Series Pass potential befuddle regulator From Discrete Electronic applied science EssayThe objective of this project was to construct and jut out a 9V 0.3V, 1A series pass potential drop regulator from discrete electronic parts. The potentiality regulator mustiness exhibit a potential regulation of 5% or better and should be supplied with a dc arousal potential. The regulator tour was required to take on a way to disconnect the fill up from the regulator if the lodge on-going exceeded 1A or if the temperature of the series pass element exceeded 40C.It was necessary to measure each(prenominal) parameter of the circuit and convert it from an analog to a digital signal. This signal would provide data necessary to display the protects on the Spartan terce FPGA Development Board.The numerical display was not to harbor any zeros leash a number, unless it affected the appraise. Also, the display was to be cyclic, alternating at 5 s intervals.The circuit was designed , built and tested. It produced 9.03V takings and 1.02A through a 9 preventive. The cut-off protection worked as well as the variable perception circuitry. The linkage of the analog and the digital components, however, remain incomplete.ContentsLIST OF FIGURESLIST OF TABLESLIST OF ABBREVIATIONS AND SYMBOLSSymbolDescriptionADCAnalog to digital ConverterOp-amp operational AmplifierVVoltage/VoltsI periodRResistanceAAmpereOhmCDegree CelsiusFFaradICCollector CurrentIBBase CurrentVBEBase-Emitter VoltageLUT font Up plug-inBCDBinary Coded DecimalMUXMultiplexerCLKClockDPDTDouble Pole Double ThrowFPGAField Programmable Gate ArrayTable List of Abbreviations Contained in this ReportINTRODUCTIONCommercial power is usually distri scarcelyed with an AC supply. An unregulated voltage such as this could go damage to many household appliances and electronic devices. because it is a safety hazard.A voltage regulator is a device that maintains a relatively constant return voltage for a alter i nput voltage. It functions by comparing the railroad siding voltage to a fixed reference and minimizing this difference with a negative feedback loop.The aim of this project to design a series pass voltage regulator with an railroad siding of 9 0.3V and regulation of at least 5%. It should be able to disconnect the load from the regulator for temperatures portentous 40C and a modern greater than 1A. using A/D converters, these values (output regulator voltage and current, temperature of the series pass transistor) were born-again to digital put and displayed on the Spartan III FPGA Development Board.Each value received from the analog component should be displayed with no unnecessary leading zeroes. The display had to alternate mingled with different variables of voltage, current and temperature.The Digital Component of this project was designed in Xilinx ISE 7.1i, and the necessary tests were carried out. A User Constraints file was created, which allowed for the program ing of the FPGA Board.BACKGROUND THEORY AND LITERATURE REVIEWUsing an unregulated power supply is unfeasible for most tasks. This is be sire as the load current increases, the ripple voltage increases and the DC output voltage decreases. The voltage regulator greatly reduces ripple and produces a steady output voltage for a range of input voltages. contrary types of voltage regulators have different functions. There ar ii main types, electrical shunt and series voltage regulators.Shunt Voltage governorFor a shunt voltage regulator, the regulating device is placed in parallel with the load. A resistor is placed in series with the load and the unregulated supply. The current is alter through the control element depending on the load current. This causes a voltage drop crossways the resistor in series, maintaining a constant load voltage. (Prof. Gift, 2012) icon Shunt Voltage RegulatorShunt Voltage Regulator Example Zener Diode Regulator come in Zener Diode Voltage RegulatorThe z ener diode is a semi-conductor diode designed to operate in the reverse-biased region. In forward bias, it functions as a normal diode but when in reverse bias, it breaks down for voltages exceeding the breakdown voltage, or zener voltage. For operation in this region a current Iz is required where the limits being the minimum and maximum current for the diode to operate without good luck down. (Prof. Gift, 2012)Series Voltage RegulatorFor a series voltage regulator, the regulating device is placed in series with the load and the unregulated supply. (Prof. Gift, 2012) The output voltage is sampled by a circuit that provides a feedback voltage to be compargond to a reference voltage. If the output voltage increases, the comparator circuit provides a control signal to cause the series control element to decrease the amount of the output voltage, thereby maintaining the output voltage. If the output voltage decreases, the comparator circuit provides a control signal to cause the serie s control element to increase the amount of the output voltage. (Electronic Devices and forget me drug Theory 7th Ed.)Figure Series Voltage RegulatorThere atomic number 18 different circuit topologies for the series voltage regulator. These leave alone be examined next.Simple Series Transistor RegulatorTo improve the current capacity of the zener diode regulator, a transistor is used in the emitter follower configuration. This acts as the series control element. The collector is supplied by the regulated voltage. The transistor reduces the load current capacity of the zener by a reckon of the transistor current gain. The zener voltage is therefore produced at the emitter. The equation IC = IB is used to link the collector current and the low current. due to high current gain, even very large changes in IC result in only small changes in IB. This pith IZ is loosely stable. The input voltage must be greater than the diode voltage to ensued proper transistor bias. (Prof. Gift, 2012)Figure Simple Series Transistor Voltage RegulatorIZ current through the zener diodeIC collector currentIB base currentDiscrete Voltage RegulatorA transistor Tr2 is committed as the series pass transistor and another one Tr1 acts as the error amplifier. In the single transistor regulator output ripple voltage is low, but the output voltage still varies. This is due to the VBE/IC characteristic of the transistor. Feedback is used to correct the output. This amplifier compares the sampled voltage with a reference voltage in order to retort a signal proportional to the difference. This is used to drive the series pass element, which then varies the output voltage such that the error is reduced and the output voltage regulated.Figure Discrete Transistor Voltage RegulatorThe voltage crosswise the series element is (Vin Vout). The input voltage to the error amplifier is Vout Vref, where .The output voltage across the series element is an amplified version of the input voltage ,. If Vref is constant, . This is the stability factor.This means that the ripple voltage is reduced by a factor of . The higher the loop gain, A, the better the regulator performance. A is gain of error amplifier.The resistor R can be connected to the regulated side of the circuit to improve the design and decrease ripple voltage. Also, a capacitor may be placed in parallel to the Zener diode. Another capacitor can be placed across the output removing output noise and input impedance at high frequencies. A Darlington Pair may be used as the series element. This has two transistors in a single package. The Darlington Pair increases the current gain of the series element, making it able to supply a larger load current if required. (Prof. Gift, 2012)Operational Amplifier Series Voltage RegulatorIn order to improve the regulator performance, the loop gain A is increased. A simple method of doing this is to replace the transistor error amplifier with an operational amplifier as shown i n figure 6. The operational amplifier compares the reference voltage of the zener with the feedback voltage sampled by resistors R1 and R2. The Darlington Pair design is used here and R3 connected to the regulated supply to reduce the ripple voltage. The operational amplifier (op amp) must be supplied by the unregulated input voltage. (Prof. Gift, 2012)Figure Operational Amplifier Series Voltage RegulatorSTANDARDSCertain standards were considered in the undertaking of this project. These areISO 90011994 Quality Systems Model for Quality Assurance in radiation pattern, Development, Production, Installation and Servicing (http//www.ttbs.org.tt/)TTS 620 2008 Occupational Safety and Health put on the line Assessment Requirements(http//www.ttbs.org.tt/)BS QC 7903041994 Specification for harmonized system of quality assessment for electronic components. (http//www.standardsuk.com)RISK ASSESSMENTPossible Hazards15V supply voltage. Risk of electrical shock, ruin and death.Solder fum es present. Dangerous if inhaled.The heat generated by the power resistor could cause burn.The tip of the soldering gets very hot and could cause severe burns or start a fire.Clipping wires and leads may cause them to be projected into eyes and face.Steps Taken to Avoid RiskEnsured that student was justly grounded. Proper clothing and footwear were worn. No long hanging jewellery or hair.Before energising a circuit, it was checked by a technician. tried and true conductors before handling them.Exhaust fan present in lab. Regularly stepped outside for fresh air.Clipped wires away from face of anyone present.DESIGN APPROACH AND methodologyProject RequirementsDesign and build a 9V 0.3V, 1A Series Pass Voltage Regulator using discrete electronic components.Regulator must have a voltage regulation or 5% or better and must be fed by a dc input voltage from a laboratory power supply. In addition, the regulator must incorporate temperature and over current sensing circuits which would di sconnect the load from the regulator, for temperatures and currents exceeding 40 degrees centigrade and 1 A respectively.The output regulator voltage and current, together with the temperature of the series pass transistor must be converted to digital format using A/D converters and displayed on the Spartan 111 FPGA Development Board when selected. The following specifications must be met for the display of the variables1. The units of all variables are to be displayed along with the respective reading.2. The voltage is to be displayed to 1 decimal touch.3. The current is to be displayed to 2 decimal points.4. The temperature is to be displayed as a whole number.5. The display of the readings for voltage, current and temperature are to automatically issue in a cyclic manner, with each reading being displayed for 5 seconds.6. All leading zeros are to be suppressed. (ECNG 2004 Design Project Description)This design had some(prenominal) an analog and a digital component.ANALOG segm entThis component involved the design and construction of the Series Pass Voltage Regulator and the sensing circuitry to reveal current, voltage and temperature. These sensors were constructed to relay the values necessary for the digital component. Analog to Digital Converters were designed to convert the analog output from the current, voltage and temperature sensing circuits to digital format so as to be to be read by the Spartan FPGA Board.Design of the Operational Amplifier Series Voltage RegulatorFigure racing circuit plot of the Operational Amplifier Series Voltage RegulatorThe regulator was powered by a DC input voltage from a laboratory power supply.The voltage used in the design process for the purpose of advisement was 15 volts.Choosing the Zener Voltage and Zener CurrentThe Zener Voltage, Vz was supplied by the Zener Diode, D1 as shown in Figure 7 above. The Zener Voltage was used as a reference voltage by the Operational Amplifier. The op amp is functioning as a dif ferential amplifier in this situation. The difference between the inputs at the inverting and non-inverting terminals is amplified.Gain,The output voltage, VZ zener voltageVz should be high enough so that gain would not decrease to achieve the required output.If Vz was too high, i.e. the output voltage, no current would melt down through D1. An appropriate value between 0V and 9V was elect, VZ = 4.8V.The IN4732 Zener Diode was chosen and the specification sheet for this model was obtained. The specified test current was 53mA, and the chosen value was 40mA. This was chosen to ensure proper bias.Calculating Resistor R3The resistor R3 was in series with the Zener Diode. Therefore, the current through them is the alike(p).A 100 resistor was chosen as it was the closest one in value available in stores.R3 = 100Calculating Resistors R1 and R2Resistors R1 and R2 formed a potential sectionalisation providing the inverting input of the op amp. This sampled the output and sent it to th e error amplifier. If the value of the output changed from the designed, the voltage drop across the resistors would change and the op amp input voltage would change, producing an error voltage at the output of the op amp. This error voltage will either turn on more or turn off more Transistor Tr1 and effectively Tr2 as well.The output voltage, Vo is related to the Zener Voltage by the equation below.Substituting Vo = 9V and Vz = 4.8V,Therefore,If R2 chosen to be 10k, thenTherefore, R1 = 8.8k and R2 = 10k.Choosing an Operational AmplifierThe LF351 op-amp was chosen for this design. It only needed to function as a differential amplifier.Choosing the Series Pass TransistorThe required output current was 1 Ampere. Therefore the maximum collector current of the series pass transistor had to be greater than 1 A. high power transistor was needed, but the current gain of power amplifiers is low (approximately 40). The base current and collector current for a transistor are related by the f ollowing expression.Substituting Current gain, hfe = 40 and Ic = 1 A,The LF351 op amp could not supply this base current. A Darlington Pair arrangement was used instead. Darlington Pairs have high current gain. The high power transistor chosen was TIP31C, packaged in a TO-220 Case. The current gain, hfe1 of this transistor was specified to be between 10 and 50, so a value of 30 was used.An NPN medium power transistor, BFY51 in a TO-39 metal package, was chosen for Tr2 in Figure 6. The current gain, hfe2 was found to be 123.Hence, total current gain of the Darlington Pairhfe1 - hfe2, i.e. 30 - 123 = 3690.Substituting Current gain, hfetotal = 3690 and Ic = 1 A,Design of the Voltage Sensing locomoteThe purpose of the Voltage Sensing Circuit was to determine the output voltage of the regulator and relay this voltage to the Analog to Digital Converter input. The Analog to Digital Converter (ADC) chip (ADC08040 IC) had a reference voltage of 4.5V. The maximum voltage possible was 9.5V. H ence if the voltage output was 9.5V, the ADC08040 input voltage should be 4.5V.VO had to be stepped down by a potential divider before it could be sent to the ADC08040. It was stepped down by a factor of .Let R1 = 1k, then R2 = 1kThis voltage was sent to a unit of measurementy Gain Voltage Follower (Figure 8) and was input to the ADC circuit. (Prof. Gift, 2012)Voltage Sensor.bmpFigure Voltage Sensing CircuitDesign of the Current safeguard CircuitThe purpose of this was to disconnect the load from the regulator when the current flowing through the load surpassed 1A. The protection circuit monitored the load current and sent a signal to a device to disconnect the load, when the current rose to over 1A. A 1 shunt was used in series with the 9 load resistor. The shunt voltage was used to determine cut-off.An instrumentality amplifier was chosen (INA114AP) to compare the temperature sensor voltage and a potential divider voltage. The shunt voltage was amplified to increase chances of accurate determination of when to disconnect the load. A potential divider was constructed to deliver a4V, and the shunt voltage was also amplified to 4V.Potential divisionWhich givesLet R1 = 20kThe voltage from the shunt was amplified to 4V as well, and this was done by an op-amp and two resistors set up in the non-inverting amplification configuration shown below. The reference used to be amplified was 0.9V from the shunt, as this was the value which, if exceeded, cut-off and disconnection of the load was supposed to occur.For an non inverting amplifier,Vo = 4V, Vi = 0.4V,AndLet R1 = 2.4k, R2 = 8.2k.Temperature Amp Input to INA.bmpFigure Circuit for Comparison and Determination of Cut-offWhen both inputs have the same voltage across them, the instrumentation amplifier would have an output of zero. The transistor in Figure 10 would be turned off and the base would be at 0V.The transistor used was a 2N3904 (Ic = 200mA). If the output is non-zero, the base would be driven by a vol tage and the transistor will be ON.When the output is zero (same inputs) the transistor would be OFF and the relay coil would be grounded through the transistor. Current would flow through the coil, producing a magnetic field, and the relay would latch.When the instrumentation amp inputs are different, the output would saturate at +Vcc, i.e. 9V. The coil would an equal voltage at either end and so would have no voltage drop across it, meaning no current flowing through it. The relay is effectively OFF. There is a unremarkably Open (N.O.) Switch between pins 2 3, and 7 5 of the relay as well as Normally Closed (N.C.) Switches across pins 2 3 and 7 6. The N.O. switches close and the N.C. switches present when the relay latches. The load was connected across the N.C. pins. When the instrumentation amp has the same inputs, (zero output), and there is a voltage drop across the coil, current flows and the relay latches, disconnecting the load from the circuit.The relay had a rated v oltage of 6V and the coil had a measured resistance of 70.5. The relays, however, were actually found to latch at a voltage of 3.2V. Therefore for calculation purposes 3.5V is used = 49.6mA was needed to latch the relay.A potential divider was used to provide the required voltage for the relay.For a resistor R3,This caused a voltage drop across the coil, larger enough to activate the coil when necessary.The voltage across resistor R3 is given by,For Ic = 49.6mA,The Base Current of the transistor is given byFor Ic = 49.6mA, and hfe = 100,To bias the base of the transistor for the 9V output of the op-amp,A 16k resistor was used. This would change VBE of the transistor. The new VBE was well within the operating range required for the resistor.Temperature Cutoff.bmpFigure Current Protection CircuitDesign of the Current Sensing CircuitThe Current Sensing Circuit determined the voltage regulator output load. This value of current would be received by the ADC input. The ADC chip (ADC08040 IC ) was 4.5V. The Current LUT could convert a maximum of 1.29A. This means when the regulator reaches 1.29A, the ADC will be at 4.5V.A 1 shunt resistor was placed in series with the load. The 9V regulated output would now be applied to a combined load of 10.Voltage drop across the shuntThereforeThe output voltage across the shunt is 0.9V. This will correspond with the maximum voltage which will give all 1s at the ADC output. Thus the voltage must be stepped up using a non-inverting op-amp. The voltage of 0.9V was stepped up to 4.5V.This means the gain is = 5Let R1 = 2k . Therefore, R2 = 8kThe potential divider voltage was passed through the amplifier and then input into the ADC.Current Sensing Circuit.bmpFigure Current Sensing CircuitDesign of the Temperature Protection CircuitThis disconnects the load from the regulator when the temperature of the Power Transistor (TIP31C) reached 40C. The Power Transistor temperature was monitored and at 40C, a signal would be sent from the cir cuit to a device, disconnecting the load.The LM35DZ was chosen. Its sensitivity was 10mV/C. At 40C, the temperature sensor output would be 0.4V.An instrumentation amplifier (INA114AP) was chosen to compare the temperature sensor voltage and the potential divider voltage. For a more accurate determination of the load, the temperature sensor output voltage was amplified. The potential divider delivered a voltage of 4V, and the sensor output voltage was also amplified to 4V.ThereforeLet R1 = 20kAn op amp and two resistors were used to build a non-inverting amplifier in order to set the temperature sensor voltage to 4V. The reference voltage was 0.4V, since it is at this point cut-off should take place.For a non-inverting amplifier , ,Let R1=1k and R2=9k,Temperature Amp Input to INA.bmpFigure Amplifier Circuit for Comparison and Determination of Cut-off.When both input voltages are the same, the amplifier output would be 0V, play off the transistor. (No VBE present). A 2N3904 transist or was used (Ic = 200mA), so the current would be large enough to latch the relay.If the amplifier output is not 0V, there would be a voltage drop across the base and the transistor would be ON.When the amplifier output is 0V, the transistor would be OFF, grounding the relay, causing current flow in the coil, latching the relay. When the amplifier inputs are at different levels, the output saturates at +Vcc = 9V. Equal voltages exist at both ends of the coil, so no current flows hence the relay is OFF. A Normally Open (N.O.) Switch exists across pins 2 3, and 7 5 of the relay. Normally Closed (N.C.) Switches exist across pins 2 3 and 7 6. The N.O. switches close and the N.C. switches generate upon latching. Consider this load connected across the N.C pins and the amplifier has equal inputs. The amplifier output is 0V, causing a voltage drop across the relay coil, causing current flow and latching of the relay. It follows then that the load is disconnected from the circuit.For a resistor R3,R3 was used to activate the coil by creating a voltage drop across it.For Ic = 49.6mA,For biasing,A 16k resistor was used instead.Temperature Cutoff.bmpFigure Temperature Protection CircuitThis circuit was designed to relay the temperature of the power (TIP31C) to the ADC input. The ADC chip (ADC08040 IC ) reference voltage was 4.5V. The Temperature LUT could convert up to 129C. At this temperature, the ADC should be 4.5V. A Temperature Sensor (LM35DZ) in a TO-92 package used to determine the temperature. This had a sensitivity of 10mV/C. At 129C, VO = 1.29V.Sensor output voltage was stepped up using a non-inverting op amp by a factor of, Let R1 = 1k . R2 = 2.49k 2.5kThe sensor voltage was amplified and input into the ADC.Temperature Sensing Circuit.bmpFigure Temperature Sensing CircuitA copper strip board was used to build the voltage regulator circuit since the solderless breadboard could only take up to 0.5A.Inputs Voltage come out of 15V Outputs Voltage Sensing OutputOV Ground Regulated 9V OutputTemperature Sensing VoltageA voltage follower was used to buffer the output. The circuit was constructed as seen in figure 15Figure Complete Sensing and Cut-off CircuitDESIGN OF THE ANALOG TO DIGITAL CONVERSION CIRCUITAn 8 bit mental representation was used with reference to the 4.5V signal. The analog signal was converted to a digital signal from the 3 sensing circuits using the schematic shown below. Analog to digital alteration was done using the. A resistor pack was used to provide over current protection. This circuit was built and tested for each of the three sensing circuits. A combination of LEDs was used for the input of the analog voltage. AD Converter Circuit.bmpFigure Schematic for ADC control configurationOp amps were used to buffer the inputs. The outputs were mapped onto the respective pins of the 40-pin IDE billet used to interface with the Spartan III Board.Figure 40 Pin Expansion Connector (Spartan III Toolkit Datasheet)Data was transmitted using these pins to the ADC.DIGITAL COMPONENTThe FPGA board was programmed so as to use the Seven section pompousness. Xilinx ISE 7.1i was used to design and construct the display for all the variables.Design of the Basic Display UnitMultiplexers, Frequency Dividers, a Look up Table Device and a Binary Coded Decimal to 7-Segment Converter were used to create the Display Unit.The 16-bit 31 MultiplexerMultiplexers may have more than one input but usually have one output. A combination of numbers is assigned to each input pin. Using these combinations, the respective input data is sent to the output pin. Therefore the bits that are chosen which input data set to display. In this design, two multiplexers were used, a 4-bit 41 and a 16-bit 31 multiplexer. 31 means 3 data inputs, 16- bit means each input is of 16 bit capacity.16bit3to1muxschem.bmpFigure Schematic draw of a 16-bit 3 to 1-line MultiplexerThe 4-bit 41 MultiplexerThe 4-bit 41 multiplexer can handle up to quaternion combinations of inputs. To select which input is displayed, two bits are necessary. The output was a carriage of width 4 bits. It split the 16 bit output into four sets of 4 bits. The 4-bit 41 multiplexer is shown in figure 19.4bit4to1mux.bmpFigure Schematic Diagram of a 4-bit 4 to 1-line MultiplexerBinary Coded Decimal (BCD) to 7-Segment Display UnitThe BCD unit accepts four bits of data, e.g. D3D2D1D0, and determines which segments of the 7-segment display to turn on and off so as to represent the value of the input data. Figure 20 shows a 7-segment display. This type of display is common in electronic equipment e.g. calculators, microwaves, digital clocks. The Minimum Expressions for the BCD areSeg_a = D3D2D1D0 + D2D1D0 + D3D2 + D3D1Seg_b = D2D1D0 + D2D1D0 + D3D2 + D3D1Seg_c = D2D1D0 + D3D2 + D3D1Seg_d = D2D1D0 + D2D1D0 + D2D1D0 + D3D1 + D3D2Seg_e = D0 + D2D1 + D3D1Seg_f = D3D2 + D2D1 + D1D0 + D3D2D0Seg_g = D3D2 + D3D1 + D2D1D0 + D3D2D1For each expression, logic in let circuits were created. Each segment was then used to build the final BCD to 7-Segment Converter. The combinations of segments that would form the values were organised.The Look-Up-Table (LUT)This was used to determine which display unit anodes were to be turned on and off. There were four individual 7-segment displays. Each one had its own anode and as such could be controlled by choosing the anode of the respective display.lut.bmpFigure Schematic Diagram of a Look-Up-Table (LUT)Modulo 4 CounterThe Modulo 4 counter was used to perform automatic cycling of the anodes to be displayed. Only one anode was on at a clip for each different combination.Moduloo4counter.bmpFigure Schematic Diagram of a Modulo 4 CounterFor multiplexed displays, the entire display is not lit up as the same time. The characters are made up of segments which, under certain conditions, become active. Each character is displayed one at a time. Switching of characters takes place so tumultuous it appears tha t all the displays are on at the same time. The speed of switching is called the frequency divider (in this case 1kHz). This activates the modulo 4 counter which causes the LUT to choose one of four inputs to be chosen from the 4-bit 4 to 1 multiplexer to send to the 7 segment display.The Combined Display UnitData Unit.bmpFigure Schematic Diagram of the Display UnitUpgrade of the Display Unit to display the Decimal PointThe LUT controls the switching of the anodes on the four 7 segment displays. Each 7 Segment Display has a decimal point that can be turned on or off if necessary. This was necessary in this project when displaying voltage and current.For a voltage, the decimal point is on the 3rd anode, a2.09.0VFor a current, the decimal point is on the 4th anode, a3.0.99AThis means that the point will only be on when S0 and S1 select to display voltage or current, and when the third or fourth anodes are on respectively.The Essential Prime Implicants were chosen from a truth table an d the minimized expression was produced as followsThe Logic Gate circuit was constructed as shown below and utilize in Xilinx ISE 7.1i. A Macro was then created and connected appropriately in the Updated Display Unit Schematic.Decimal Point Upgrade.bmpFigure Logic Gate Circuit for Decimal Point UpgradeUpgrade of the Display Unit to display the Units for each VariableThe Display Unit was upgraded a second time in order to allow the units of each parameter to showParameterUnitSymbol for UnitVoltageVoltsVCurrentAmperesATemperatureDegrees CelsiusCTable Parameters to be Displayed and their Respective UnitsThe BCD Converter had to be updated to ensure when certain select bits were chosen, the segments would align to form the unit symbol on the first anode.Since there are four select inputs, D3D2D1D0 , there are 16 possible combinations of these bits forming different outputs. 0000 to 1001 in binary form represents 0 to 9 in decimal form. This means that there are combinations 1010 to 1 111 to choose from to display a unit. 1101 was chosen for voltage, 1110 for current and 1111 for temperature.Figure Common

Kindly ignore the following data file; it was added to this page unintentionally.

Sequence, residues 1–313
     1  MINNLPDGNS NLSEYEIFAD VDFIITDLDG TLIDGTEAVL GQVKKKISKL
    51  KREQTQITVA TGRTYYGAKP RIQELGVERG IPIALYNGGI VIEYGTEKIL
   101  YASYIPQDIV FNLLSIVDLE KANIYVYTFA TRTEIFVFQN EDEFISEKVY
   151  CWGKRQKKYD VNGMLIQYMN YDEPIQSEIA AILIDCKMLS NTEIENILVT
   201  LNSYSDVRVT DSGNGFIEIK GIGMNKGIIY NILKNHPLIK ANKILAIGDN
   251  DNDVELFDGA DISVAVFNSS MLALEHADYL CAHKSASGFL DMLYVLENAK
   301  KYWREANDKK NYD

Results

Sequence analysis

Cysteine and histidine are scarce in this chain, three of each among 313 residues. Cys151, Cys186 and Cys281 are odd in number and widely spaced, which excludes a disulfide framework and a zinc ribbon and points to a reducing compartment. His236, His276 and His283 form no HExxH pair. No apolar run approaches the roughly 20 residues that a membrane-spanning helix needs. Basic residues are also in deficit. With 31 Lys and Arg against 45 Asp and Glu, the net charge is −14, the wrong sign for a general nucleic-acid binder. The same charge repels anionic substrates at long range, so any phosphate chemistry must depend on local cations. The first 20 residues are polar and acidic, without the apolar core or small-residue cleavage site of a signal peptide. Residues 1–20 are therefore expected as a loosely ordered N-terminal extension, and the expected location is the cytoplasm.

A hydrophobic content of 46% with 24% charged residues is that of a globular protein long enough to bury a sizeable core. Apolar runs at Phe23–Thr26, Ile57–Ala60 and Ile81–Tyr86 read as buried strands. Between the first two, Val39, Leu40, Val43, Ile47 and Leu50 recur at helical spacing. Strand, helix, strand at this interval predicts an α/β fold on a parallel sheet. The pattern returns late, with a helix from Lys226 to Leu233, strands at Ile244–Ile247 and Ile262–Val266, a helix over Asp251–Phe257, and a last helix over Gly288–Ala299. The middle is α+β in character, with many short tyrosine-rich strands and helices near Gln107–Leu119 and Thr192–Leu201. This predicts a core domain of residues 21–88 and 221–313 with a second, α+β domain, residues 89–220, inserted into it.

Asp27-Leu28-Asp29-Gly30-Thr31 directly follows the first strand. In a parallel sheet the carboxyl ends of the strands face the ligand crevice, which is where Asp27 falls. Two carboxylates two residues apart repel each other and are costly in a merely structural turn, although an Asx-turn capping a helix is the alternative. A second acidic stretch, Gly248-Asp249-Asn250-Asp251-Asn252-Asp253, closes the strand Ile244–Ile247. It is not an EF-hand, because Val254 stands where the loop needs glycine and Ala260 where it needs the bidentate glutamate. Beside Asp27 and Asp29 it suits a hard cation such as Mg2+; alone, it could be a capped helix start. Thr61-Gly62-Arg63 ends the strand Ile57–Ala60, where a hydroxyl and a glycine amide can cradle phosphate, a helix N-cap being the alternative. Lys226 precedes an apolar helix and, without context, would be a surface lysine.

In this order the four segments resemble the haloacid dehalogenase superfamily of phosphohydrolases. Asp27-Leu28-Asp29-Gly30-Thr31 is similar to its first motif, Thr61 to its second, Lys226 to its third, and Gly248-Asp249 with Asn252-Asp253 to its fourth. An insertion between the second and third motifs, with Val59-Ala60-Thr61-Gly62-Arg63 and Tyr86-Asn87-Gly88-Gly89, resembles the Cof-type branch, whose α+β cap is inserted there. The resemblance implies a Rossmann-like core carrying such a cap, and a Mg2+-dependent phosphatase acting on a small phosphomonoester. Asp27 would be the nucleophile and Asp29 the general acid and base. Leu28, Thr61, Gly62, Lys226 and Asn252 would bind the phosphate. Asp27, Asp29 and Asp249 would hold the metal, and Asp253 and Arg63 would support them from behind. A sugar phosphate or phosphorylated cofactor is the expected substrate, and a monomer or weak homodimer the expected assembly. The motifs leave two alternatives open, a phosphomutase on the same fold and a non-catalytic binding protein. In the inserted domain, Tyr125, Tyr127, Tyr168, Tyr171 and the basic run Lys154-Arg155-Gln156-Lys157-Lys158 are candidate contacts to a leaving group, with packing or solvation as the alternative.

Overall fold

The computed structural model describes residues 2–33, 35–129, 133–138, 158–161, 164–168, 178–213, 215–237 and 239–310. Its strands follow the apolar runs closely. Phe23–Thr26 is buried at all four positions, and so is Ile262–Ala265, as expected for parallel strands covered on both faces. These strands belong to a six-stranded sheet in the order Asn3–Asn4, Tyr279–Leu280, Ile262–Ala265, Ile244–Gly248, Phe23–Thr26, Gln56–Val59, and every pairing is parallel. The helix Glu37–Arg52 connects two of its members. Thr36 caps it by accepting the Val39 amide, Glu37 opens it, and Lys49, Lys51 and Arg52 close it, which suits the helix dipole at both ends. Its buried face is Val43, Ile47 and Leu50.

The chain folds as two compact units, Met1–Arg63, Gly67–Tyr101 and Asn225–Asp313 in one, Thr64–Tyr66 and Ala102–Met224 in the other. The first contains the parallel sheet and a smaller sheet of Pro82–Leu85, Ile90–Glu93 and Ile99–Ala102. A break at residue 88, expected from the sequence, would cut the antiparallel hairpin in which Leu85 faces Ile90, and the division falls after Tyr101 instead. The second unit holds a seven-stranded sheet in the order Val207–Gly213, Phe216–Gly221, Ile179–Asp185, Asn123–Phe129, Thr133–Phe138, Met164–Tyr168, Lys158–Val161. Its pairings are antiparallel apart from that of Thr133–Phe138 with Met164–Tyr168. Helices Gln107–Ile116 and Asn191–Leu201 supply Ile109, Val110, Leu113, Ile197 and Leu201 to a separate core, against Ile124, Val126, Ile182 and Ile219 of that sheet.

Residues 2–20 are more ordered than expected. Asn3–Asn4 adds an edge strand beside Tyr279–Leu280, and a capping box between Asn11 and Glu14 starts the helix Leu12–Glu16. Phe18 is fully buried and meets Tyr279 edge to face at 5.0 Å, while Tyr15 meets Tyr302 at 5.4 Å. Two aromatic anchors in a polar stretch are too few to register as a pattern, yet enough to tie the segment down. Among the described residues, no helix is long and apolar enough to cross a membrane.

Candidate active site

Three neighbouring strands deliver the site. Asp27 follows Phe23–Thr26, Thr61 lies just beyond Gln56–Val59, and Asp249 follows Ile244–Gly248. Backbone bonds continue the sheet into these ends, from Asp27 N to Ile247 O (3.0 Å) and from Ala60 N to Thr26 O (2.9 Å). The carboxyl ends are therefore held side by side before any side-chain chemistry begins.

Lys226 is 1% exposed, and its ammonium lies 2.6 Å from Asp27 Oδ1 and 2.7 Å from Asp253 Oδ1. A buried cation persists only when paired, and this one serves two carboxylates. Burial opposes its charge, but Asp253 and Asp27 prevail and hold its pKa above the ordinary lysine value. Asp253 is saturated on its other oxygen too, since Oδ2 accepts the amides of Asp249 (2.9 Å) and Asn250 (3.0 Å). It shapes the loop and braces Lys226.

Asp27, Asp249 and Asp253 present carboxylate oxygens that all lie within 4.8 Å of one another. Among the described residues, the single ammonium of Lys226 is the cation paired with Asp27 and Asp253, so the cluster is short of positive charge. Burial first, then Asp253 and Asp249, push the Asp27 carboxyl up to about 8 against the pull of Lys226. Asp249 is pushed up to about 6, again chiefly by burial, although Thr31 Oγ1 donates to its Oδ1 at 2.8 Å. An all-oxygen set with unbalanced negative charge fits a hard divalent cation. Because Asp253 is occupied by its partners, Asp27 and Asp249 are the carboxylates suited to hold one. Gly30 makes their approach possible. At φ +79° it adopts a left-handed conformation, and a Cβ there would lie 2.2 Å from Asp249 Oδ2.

No comments:

Post a comment